By Jim Morris
Since 2017 Kylie Masse won every major 100-metre backstroke race she entered: World championships, Commonwealth Games, Pan Pacific Championships, Olympic trials. She was unbeatable.
That streak ended at the Tokyo 2020 Olympics when Masse finished second behind Australia’s Kaylee McKeown. The look on her face told the story. For a few brief seconds the shining smile was gone. The sparkling eyes turned to dark coal.
“I wanted to be on top of that podium more than anything,” said the 26-year-old from LaSalle, Ont., who trains at the High Performance Centre – Ontario. “That’s the pinnacle of our sport and to be the best in your discipline is something I always dreamed of.
“I know that a silver is amazing and I’m appreciative that I got on the podium. But I was a little bit disappointed because I did want that gold.”
Masse looks to avenge her Olympic loss at the FINA World Championships in Budapest, Hungary, beginning June 18. The two-time defending world champion admits feeling extra motivated by her experience in Tokyo.
“For sure that adds fuel to the fire,” she said. “I’m constantly motivated by my competitors. This sport just keeps getting faster.
“I am so honoured to be among an incredible group of women who are pushing the boundaries in backstroke. I want to make history.”
Ryan Mallette, Masse’s coach at the Ontario centre, calls her the “most professional day-to-day athlete” he’s ever worked with.
“Everything she does is always to enhance what her results might be,” said Mallette. “She takes care of herself away from the pool. She kills it in the weight room. She trains well every day, focuses on all the possible details.
“She’s a very competitive woman. She’s hungry to get back to a meet and get her hand on the wall first.”
Besides her second place in the 100 back at the Olympics, Masses took silver in the 200-m backstroke in Canadian record time. She also was a member of the 4×100-m medley relay that earned bronze and broke the Canadian record.
It was an impressive medal haul, but still one colour short of Masse’s goal heading into the Games.
“Going into the Olympics I knew it was going to be a challenge,” she said. “It was an incredibly deep field. I knew it was going to be hard to get on top of that podium. It’s all about how well you reset, how well you recover and what you focus on moving forward. Once it’s over, it’s over. There’s more races. Our sport is such a process.
“I feel like I still have things I can improve on: skills, technique, race strategy. Things I’m looking forward to working on, no matter what anyone else is doing.”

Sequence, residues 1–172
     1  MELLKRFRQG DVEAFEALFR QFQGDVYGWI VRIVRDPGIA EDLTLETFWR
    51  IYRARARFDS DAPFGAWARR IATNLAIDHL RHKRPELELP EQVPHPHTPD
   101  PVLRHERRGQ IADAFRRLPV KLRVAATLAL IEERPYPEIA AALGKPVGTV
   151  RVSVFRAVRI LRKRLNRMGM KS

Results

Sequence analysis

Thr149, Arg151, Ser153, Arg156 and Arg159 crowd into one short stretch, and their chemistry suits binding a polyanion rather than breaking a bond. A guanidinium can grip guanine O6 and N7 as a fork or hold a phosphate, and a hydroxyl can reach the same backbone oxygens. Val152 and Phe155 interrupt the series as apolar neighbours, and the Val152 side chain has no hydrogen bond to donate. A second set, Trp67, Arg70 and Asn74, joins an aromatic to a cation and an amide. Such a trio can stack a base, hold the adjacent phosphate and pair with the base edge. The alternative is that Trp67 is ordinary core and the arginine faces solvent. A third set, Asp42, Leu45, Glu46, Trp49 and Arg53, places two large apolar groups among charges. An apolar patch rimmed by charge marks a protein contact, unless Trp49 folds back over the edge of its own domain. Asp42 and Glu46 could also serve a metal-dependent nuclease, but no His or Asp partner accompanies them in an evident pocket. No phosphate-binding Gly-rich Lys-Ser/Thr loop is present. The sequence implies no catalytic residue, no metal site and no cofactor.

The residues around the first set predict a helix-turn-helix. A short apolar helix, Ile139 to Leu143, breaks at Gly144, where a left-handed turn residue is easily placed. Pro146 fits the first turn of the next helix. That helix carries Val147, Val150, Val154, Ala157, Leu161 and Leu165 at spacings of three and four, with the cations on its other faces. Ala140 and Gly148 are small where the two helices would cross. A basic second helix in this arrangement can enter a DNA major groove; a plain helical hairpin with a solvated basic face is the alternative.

Masse first gained attention by earning the bronze medal in the 100-m backstroke at the Rio 2016 Olympic Games. The swimming world really took notice when she won the 100-m back and set a world record at the 2017 world championships. Two years later she became the first Canadian swimmer to defend a world title, winning the race at the Gwangju 2019 FINA World Championships.
At the 2018 Pan Pacific Championships, Masse won gold in the 100-m backstroke and broke the Pan Pacific Championships record in the preliminaries. At the 2018 Commonwealth Games, Masse won gold and set a Commonwealth Games record in both the 100-m and 200-m backstroke, titles she hopes to defend later this summer in Birmingham, England. She was named Swimming Canada’s 2017, 2018 and 2019 Female Swimmer of the Year.
At the recent Bell Canadian Swimming Trials in Victoria, Masse earned her spot on the national team by winning all three backstroke events and the 50-m butterfly.
During her career Masse has been the chaser and the chased. Mallette said it’s “way harder to defend” a title than win it.
“There’s a philosophy that goes to it that is just gruelling,” he said. “Everyone is trying to beat you all the time.
“When you’re coming up, and there’s a target on somebody else, there’s a little bit more fun, a little less pressure. You’re not expected to win. Not everyone can handle it. She handled it better than anybody else.”
At a time when some athletes have struggled with their mental health because of the pressures of sport, Masse manages to put things in perspective.
“It’s definitely a combination of a lot of things, a lot of people,” she said. “My friends, coaches and teammates.
“I feel like maintaining a good mindset in the sport is important and has helped me along the way to have longevity.”
Having interests outside of sport is important. Masse loves being outdoors, likes music and dancing. She enjoys being around friends but also is comfortable spending time with herself.
“I like enjoying what I’m doing and finding a balance between swimming and other things in my life,” she said. “Swimming is my everything but it also isn’t my everything.
“It’s been important for me to find a balance, be it with friends or family or hobbies. Things that take me away from the sport because I think it just fuels the fire for when I’m actually doing the sport.”